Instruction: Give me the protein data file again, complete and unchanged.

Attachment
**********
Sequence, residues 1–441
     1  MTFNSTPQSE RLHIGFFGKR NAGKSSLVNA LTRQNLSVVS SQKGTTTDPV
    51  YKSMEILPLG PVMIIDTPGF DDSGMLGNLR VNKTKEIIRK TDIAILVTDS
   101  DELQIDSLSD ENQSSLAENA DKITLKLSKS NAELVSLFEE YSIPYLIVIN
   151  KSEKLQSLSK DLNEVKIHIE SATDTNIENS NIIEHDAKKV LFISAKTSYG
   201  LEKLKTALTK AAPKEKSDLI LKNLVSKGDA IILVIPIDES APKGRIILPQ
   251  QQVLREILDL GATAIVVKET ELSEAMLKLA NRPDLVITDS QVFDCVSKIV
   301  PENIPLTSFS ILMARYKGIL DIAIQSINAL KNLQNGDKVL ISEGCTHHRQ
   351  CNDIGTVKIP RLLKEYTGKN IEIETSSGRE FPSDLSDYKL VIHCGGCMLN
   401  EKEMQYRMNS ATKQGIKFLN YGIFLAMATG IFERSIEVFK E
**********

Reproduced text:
Sequence, residues 1–441
     1  MTFNSTPQSE RLHIGFFGKR NAGKSSLVNA LTRQNLSVVS SQKGTTTDPV
    51  YKSMEILPLG PVMIIDTPGF DDSGMLGNLR VNKTKEIIRK TDIAILVTDS
   101  DELQIDSLSD ENQSSLAENA DKITLKLSKS NAELVSLFEE YSIPYLIVIN
   151  KSEKLQSLSK DLNEVKIHIE SATDTNIENS NIIEHDAKKV LFISAKTSYG
   201  LEKLKTALTK AAPKEKSDLI LKNLVSKGDA IILVIPIDES APKGRIILPQ
   251  QQVLREILDL GATAIVVKET ELSEAMLKLA NRPDLVITDS QVFDCVSKIV
   301  PENIPLTSFS ILMARYKGIL DIAIQSINAL KNLQNGDKVL ISEGCTHHRQ
   351  CNDIGTVKIP RLLKEYTGKN IEIETSSGRE FPSDLSDYKL VIHCGGCMLN
   401  EKEMQYRMNS ATKQGIKFLN YGIFLAMATG IFERSIEVFK E